expectation that their communities will be safe, that individuals who commit crimes will be prosecuted, that freedom of mobility within the United States and outside its borders will be safeguarded and that the federal government’s primary responsibility must always be to protect the national security of the country. These expectations are uniformly held by Americans and transcend political affiliation, socio-economic status, ethnicity or geographic location.
A major legal and constitutional question concerns how we reconcile the protection of the rights of American citizens and those who legally enter the country with the public official’s duty to act in the national interest of the United States. Two current events have triggered a renewed national debate on this very issue. The first concerns the powers granted to the President and Secretary of Defense under the Patriot Act. The second issue pertains to the recently enacted law in Arizona that permits law enforcement officials to question the ethnicity and immigration status of individuals who are suspected of being in the United States illegally (SB 1070).
This paper examines the issues surrounding racial and criminal personality profiling and provides a comparative analysis of the two investigative strategies. It defines both terms and examines what types of behaviors and activities constitute criminal personality and racial profiling. The paper delves into some of the complex legal, constitutional and methodological factors that are fueling the public debate on the issues. The paper concludes with a discussion of what alternatives, if any, are available to the professionals who are charged with the protection of our national security.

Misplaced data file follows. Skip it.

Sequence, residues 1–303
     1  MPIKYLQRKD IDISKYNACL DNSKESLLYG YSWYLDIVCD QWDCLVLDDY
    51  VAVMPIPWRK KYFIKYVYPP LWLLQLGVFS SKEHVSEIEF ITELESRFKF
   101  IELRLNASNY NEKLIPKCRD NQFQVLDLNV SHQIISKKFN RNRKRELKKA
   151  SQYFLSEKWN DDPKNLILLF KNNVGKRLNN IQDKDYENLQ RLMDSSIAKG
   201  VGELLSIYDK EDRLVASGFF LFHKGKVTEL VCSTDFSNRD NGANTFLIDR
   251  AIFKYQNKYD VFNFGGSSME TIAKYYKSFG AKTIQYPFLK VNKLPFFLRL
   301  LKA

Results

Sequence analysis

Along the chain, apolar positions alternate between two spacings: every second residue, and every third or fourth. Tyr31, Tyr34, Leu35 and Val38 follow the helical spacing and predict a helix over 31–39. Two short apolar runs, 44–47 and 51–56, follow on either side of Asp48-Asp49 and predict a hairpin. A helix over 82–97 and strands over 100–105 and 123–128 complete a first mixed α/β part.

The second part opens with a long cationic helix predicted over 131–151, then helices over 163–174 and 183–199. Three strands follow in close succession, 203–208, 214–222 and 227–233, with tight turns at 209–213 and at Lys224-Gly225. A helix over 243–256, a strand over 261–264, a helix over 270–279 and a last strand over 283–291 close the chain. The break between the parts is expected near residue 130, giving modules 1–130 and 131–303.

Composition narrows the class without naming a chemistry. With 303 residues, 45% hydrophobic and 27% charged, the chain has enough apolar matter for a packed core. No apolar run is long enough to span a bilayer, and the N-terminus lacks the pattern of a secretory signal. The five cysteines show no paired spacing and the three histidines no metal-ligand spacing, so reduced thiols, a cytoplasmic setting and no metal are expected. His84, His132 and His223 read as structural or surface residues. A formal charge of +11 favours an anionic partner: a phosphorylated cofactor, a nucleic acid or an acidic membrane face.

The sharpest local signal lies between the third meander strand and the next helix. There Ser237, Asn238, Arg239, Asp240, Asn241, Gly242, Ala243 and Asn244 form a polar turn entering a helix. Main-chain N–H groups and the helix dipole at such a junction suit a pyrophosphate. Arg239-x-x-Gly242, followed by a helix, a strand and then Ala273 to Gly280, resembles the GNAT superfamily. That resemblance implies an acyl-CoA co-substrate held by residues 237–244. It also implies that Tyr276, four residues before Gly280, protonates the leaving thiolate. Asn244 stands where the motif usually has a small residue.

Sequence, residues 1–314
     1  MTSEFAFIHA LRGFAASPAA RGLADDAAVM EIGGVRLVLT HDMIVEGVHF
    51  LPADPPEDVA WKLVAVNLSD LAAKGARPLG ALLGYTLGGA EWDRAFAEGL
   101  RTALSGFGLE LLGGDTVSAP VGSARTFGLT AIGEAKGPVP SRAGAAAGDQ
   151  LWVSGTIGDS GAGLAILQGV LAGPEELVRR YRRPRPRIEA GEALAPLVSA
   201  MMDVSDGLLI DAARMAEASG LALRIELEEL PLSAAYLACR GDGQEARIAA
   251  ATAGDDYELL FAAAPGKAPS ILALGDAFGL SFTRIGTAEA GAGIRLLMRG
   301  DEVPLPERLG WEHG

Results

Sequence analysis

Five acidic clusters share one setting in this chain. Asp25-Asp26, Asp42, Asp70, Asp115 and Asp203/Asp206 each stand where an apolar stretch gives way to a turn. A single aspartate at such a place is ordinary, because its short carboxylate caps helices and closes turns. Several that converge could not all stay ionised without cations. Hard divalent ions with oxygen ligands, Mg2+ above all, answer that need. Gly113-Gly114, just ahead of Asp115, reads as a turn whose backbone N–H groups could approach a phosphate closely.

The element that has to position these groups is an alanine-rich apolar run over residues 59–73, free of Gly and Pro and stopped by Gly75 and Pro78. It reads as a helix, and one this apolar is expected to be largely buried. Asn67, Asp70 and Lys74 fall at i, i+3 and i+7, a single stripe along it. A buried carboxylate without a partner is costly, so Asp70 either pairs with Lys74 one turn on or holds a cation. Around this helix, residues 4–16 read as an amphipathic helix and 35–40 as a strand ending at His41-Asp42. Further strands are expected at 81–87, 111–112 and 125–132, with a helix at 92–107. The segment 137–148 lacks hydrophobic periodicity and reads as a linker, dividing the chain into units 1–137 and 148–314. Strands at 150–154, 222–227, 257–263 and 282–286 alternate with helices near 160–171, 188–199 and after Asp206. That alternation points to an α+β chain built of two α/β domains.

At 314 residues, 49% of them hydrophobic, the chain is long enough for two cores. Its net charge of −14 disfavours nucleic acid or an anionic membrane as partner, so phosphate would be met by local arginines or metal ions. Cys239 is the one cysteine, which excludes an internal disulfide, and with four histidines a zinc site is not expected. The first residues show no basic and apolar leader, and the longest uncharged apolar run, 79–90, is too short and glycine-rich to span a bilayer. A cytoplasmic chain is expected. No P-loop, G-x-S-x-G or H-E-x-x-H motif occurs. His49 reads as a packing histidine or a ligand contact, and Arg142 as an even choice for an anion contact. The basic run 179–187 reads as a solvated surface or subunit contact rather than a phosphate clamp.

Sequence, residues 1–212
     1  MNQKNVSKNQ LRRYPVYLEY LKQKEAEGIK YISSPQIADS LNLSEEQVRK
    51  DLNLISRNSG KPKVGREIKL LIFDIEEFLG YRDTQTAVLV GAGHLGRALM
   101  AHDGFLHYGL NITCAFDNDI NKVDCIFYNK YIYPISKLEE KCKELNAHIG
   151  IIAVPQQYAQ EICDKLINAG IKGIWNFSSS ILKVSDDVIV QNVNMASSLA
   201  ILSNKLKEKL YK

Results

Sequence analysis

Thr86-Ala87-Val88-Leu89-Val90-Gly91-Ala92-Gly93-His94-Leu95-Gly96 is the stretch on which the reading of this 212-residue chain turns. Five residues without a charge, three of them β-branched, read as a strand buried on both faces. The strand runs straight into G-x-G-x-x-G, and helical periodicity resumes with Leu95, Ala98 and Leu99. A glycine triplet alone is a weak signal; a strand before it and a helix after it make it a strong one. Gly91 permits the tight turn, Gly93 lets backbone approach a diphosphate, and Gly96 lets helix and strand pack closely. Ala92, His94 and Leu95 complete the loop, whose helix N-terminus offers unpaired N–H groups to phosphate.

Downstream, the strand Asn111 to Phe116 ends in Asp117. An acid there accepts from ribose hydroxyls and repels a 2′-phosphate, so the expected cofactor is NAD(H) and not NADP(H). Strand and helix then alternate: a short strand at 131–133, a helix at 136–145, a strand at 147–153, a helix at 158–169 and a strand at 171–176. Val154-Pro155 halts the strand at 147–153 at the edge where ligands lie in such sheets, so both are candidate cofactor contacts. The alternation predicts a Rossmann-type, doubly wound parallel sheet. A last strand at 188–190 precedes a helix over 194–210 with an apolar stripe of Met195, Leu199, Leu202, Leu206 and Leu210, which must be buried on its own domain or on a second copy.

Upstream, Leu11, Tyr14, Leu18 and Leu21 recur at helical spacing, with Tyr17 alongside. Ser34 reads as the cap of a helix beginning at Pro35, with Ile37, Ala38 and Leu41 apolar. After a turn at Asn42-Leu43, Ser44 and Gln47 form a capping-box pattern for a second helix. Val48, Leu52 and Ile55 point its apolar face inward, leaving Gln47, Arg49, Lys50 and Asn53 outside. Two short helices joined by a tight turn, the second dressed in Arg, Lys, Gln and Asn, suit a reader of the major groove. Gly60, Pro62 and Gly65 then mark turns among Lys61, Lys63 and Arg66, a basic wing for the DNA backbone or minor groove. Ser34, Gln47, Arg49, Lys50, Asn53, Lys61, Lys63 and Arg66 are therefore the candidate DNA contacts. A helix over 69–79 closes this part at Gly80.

The term profiling actually has its origins in a sub-field of mathematics. Statisticians utilize probability to apply a single observation to a general population. The profile is accurate within an acceptable level of error (Antanovics & Knight, 2009). The following